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Christmas Time

Updated: Mar 30

Photograph by Laura Nyhuis

Me and my cousin have always had a special bond. We look at each other and smile, our eyes filled with joy, whenever we mention that the Christmas holidays are coming up…

It is not just the cosy decorations, the bright yet warm colors that fill the streets. It is not the glamour of windows calling us into the shops they represent, promising to make both us—the gift makers—and our beloved—the gift receivers—very happy.

There is some magic around Christmas which can’t be explained by the idea of giving and receiving presents alone, nor by the appeal of German Christmas markets, or the beauty of ice rings.

Religion certainly plays a part: it does not only circumscribe the grandeur of the festivity to Christian countries, but it also represents the deep meaning that this holy time is all about. And, perhaps, the magic starts here: with this tradition.

Indeed, each tradition we keep carrying over through generations and centuries has a deep inner meaning for us. Its value is inestimable, in that it is able to lift our minds and spirits year after year. Even just for a few days, we forget about all our troubles, and we just try to be happy with the people we love. Our family, our friends.

This is why this holiday is so special—or, at least, this is why it is so special to me. It is one of the very rare moments, if not the only moment, one can spend real quality time with the people one loves: not separately, but all together.

I admire cultures and people who are able to enjoy such a time more often. Unfortunately, for me and my closest relations, I realize how difficult it becomes, year after year, to find moments to actually be together and simply enjoy each other’s company. Birthdays used to be the occasion: as one grows older, however, these go out of fashion—even though newborn babies always renew the opportunity—and it just becomes harder to be all at once in the same city, in the same place, and in the same house.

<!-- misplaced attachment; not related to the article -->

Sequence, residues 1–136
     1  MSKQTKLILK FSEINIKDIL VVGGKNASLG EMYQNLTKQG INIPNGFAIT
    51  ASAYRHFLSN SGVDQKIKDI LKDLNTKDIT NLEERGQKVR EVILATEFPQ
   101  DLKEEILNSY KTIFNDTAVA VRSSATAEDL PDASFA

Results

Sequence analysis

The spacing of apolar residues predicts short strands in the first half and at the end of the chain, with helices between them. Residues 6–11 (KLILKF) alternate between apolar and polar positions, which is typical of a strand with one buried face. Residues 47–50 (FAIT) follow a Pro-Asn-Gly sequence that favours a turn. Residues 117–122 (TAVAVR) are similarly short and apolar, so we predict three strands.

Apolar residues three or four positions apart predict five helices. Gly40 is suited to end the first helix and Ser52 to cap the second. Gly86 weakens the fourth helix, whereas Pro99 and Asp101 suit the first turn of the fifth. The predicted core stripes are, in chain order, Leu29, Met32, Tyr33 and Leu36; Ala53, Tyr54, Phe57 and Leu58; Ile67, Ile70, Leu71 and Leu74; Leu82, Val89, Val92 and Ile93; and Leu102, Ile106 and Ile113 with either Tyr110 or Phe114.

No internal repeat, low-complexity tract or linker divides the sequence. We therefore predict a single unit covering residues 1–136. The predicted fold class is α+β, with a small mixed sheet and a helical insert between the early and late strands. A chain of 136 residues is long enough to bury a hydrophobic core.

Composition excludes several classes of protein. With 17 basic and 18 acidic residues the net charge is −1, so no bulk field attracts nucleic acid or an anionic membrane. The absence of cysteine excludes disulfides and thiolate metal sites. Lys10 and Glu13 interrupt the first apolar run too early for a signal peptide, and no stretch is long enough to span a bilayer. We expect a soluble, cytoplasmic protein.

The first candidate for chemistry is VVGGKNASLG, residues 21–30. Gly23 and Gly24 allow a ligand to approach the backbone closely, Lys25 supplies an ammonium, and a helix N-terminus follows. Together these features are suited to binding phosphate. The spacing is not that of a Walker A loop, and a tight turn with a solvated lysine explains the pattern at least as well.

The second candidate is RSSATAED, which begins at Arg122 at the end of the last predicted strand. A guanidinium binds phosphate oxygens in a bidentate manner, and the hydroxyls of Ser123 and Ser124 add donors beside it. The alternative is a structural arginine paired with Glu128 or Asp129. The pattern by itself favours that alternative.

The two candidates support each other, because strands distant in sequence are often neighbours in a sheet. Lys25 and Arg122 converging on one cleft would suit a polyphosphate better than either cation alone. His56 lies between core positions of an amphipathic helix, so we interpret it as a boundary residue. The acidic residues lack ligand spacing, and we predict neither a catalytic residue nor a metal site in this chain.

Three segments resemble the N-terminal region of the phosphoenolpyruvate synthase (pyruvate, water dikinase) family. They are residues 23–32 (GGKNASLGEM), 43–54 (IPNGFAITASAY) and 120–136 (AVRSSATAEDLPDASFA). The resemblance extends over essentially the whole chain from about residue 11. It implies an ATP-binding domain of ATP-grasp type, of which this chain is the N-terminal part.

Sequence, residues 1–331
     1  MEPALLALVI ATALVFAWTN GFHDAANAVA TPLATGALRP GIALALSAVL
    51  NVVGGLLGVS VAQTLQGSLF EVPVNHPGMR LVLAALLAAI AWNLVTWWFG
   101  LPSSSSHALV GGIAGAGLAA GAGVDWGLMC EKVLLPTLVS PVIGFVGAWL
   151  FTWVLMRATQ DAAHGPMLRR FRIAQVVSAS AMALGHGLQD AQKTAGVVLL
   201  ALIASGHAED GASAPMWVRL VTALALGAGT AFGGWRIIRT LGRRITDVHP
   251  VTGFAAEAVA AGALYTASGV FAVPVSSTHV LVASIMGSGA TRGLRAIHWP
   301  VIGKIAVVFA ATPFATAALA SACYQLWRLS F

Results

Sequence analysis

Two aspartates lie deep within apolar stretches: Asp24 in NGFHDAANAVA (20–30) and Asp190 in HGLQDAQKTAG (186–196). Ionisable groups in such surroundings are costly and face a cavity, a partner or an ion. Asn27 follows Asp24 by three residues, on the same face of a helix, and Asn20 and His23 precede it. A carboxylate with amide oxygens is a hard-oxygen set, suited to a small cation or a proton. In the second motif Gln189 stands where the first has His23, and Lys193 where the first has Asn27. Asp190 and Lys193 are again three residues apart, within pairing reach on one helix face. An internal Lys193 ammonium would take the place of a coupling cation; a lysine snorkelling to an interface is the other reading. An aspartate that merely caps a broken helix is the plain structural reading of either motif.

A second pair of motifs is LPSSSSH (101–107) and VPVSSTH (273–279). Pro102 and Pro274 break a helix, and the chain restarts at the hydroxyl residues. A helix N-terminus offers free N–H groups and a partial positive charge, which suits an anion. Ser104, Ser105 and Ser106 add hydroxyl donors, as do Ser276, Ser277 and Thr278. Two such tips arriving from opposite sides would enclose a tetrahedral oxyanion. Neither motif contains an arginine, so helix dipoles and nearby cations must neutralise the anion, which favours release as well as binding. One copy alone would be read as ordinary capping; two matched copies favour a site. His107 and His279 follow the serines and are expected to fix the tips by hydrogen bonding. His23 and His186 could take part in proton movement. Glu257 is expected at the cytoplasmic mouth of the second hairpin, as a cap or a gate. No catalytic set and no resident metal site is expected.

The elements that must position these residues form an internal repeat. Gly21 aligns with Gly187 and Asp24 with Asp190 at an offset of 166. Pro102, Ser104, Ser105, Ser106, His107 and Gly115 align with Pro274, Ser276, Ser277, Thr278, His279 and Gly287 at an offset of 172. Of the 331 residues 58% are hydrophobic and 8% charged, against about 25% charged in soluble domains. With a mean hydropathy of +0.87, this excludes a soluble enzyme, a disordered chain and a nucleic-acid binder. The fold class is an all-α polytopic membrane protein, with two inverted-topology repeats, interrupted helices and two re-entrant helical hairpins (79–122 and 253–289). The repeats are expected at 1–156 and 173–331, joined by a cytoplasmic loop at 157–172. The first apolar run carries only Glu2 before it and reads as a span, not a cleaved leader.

Modern life moves at such a pace, and is filled with such complexity, that good quality time seems to be a thing of the past, a custom long forgotten. It is vital though, that we fill our days with some of these magic, heart-filling moments, and with the people we love—else we would not be able to sustain such a rhythm of life. We know this, yet somehow we do not practice it well enough, or prioritize it in our search for a happy life.

The very idea of idleness is a concept not yet fully grasped—or even completely rejected—by the western world. In ancient times, and in many modern cultures today (in the Middle and Far East mainly), idleness was one of the main factors that decided a person’s standard of living. We may not realize this, but part of the charm and value of Christmas (just like summer holidays), lies in this very concept. Just being in the presence of the people we love, doing nothing in particular, except enjoying the moment and each other’s company. Sometimes, that’s all one needs to feel happy and satisfied.

Christmas then, behind its array of religious and commercial-fictional stories, has a magical, special way of telling us how good it is to just stop and enjoy life as it is.

Behind the artificiality of the speed and social complexity that human beings have in time instilled upon the concept of life, there runs a more natural, basic existence—simple and true as the blood that runs in our veins. When me and my cousin look across the table at each other during dinner on Christmas Eve, no words are required—a smile and the joy in the eyes of the other person is all we need to know that we are simply and happily alive.


Edoardo is an Italian native and has lived and studied both in Italy and abroad. He graduated with a B.A. in Modern Languages and Economics from the University of Milan and with an M.A. in Comparative Literature from the University of London. He now lives and works in the city of Bologna.

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